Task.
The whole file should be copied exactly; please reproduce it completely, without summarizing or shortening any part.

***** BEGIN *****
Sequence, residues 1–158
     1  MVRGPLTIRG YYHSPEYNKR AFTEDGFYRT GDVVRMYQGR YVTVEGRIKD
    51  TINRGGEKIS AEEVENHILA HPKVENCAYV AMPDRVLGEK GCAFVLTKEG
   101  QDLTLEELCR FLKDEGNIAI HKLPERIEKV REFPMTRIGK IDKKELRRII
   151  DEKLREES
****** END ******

Sequence, residues 1–158
     1  MVRGPLTIRG YYHSPEYNKR AFTEDGFYRT GDVVRMYQGR YVTVEGRIKD
    51  TINRGGEKIS AEEVENHILA HPKVENCAYV AMPDRVLGEK GCAFVLTKEG
   101  QDLTLEELCR FLKDEGNIAI HKLPERIEKV REFPMTRIGK IDKKELRRII
   151  DEKLREES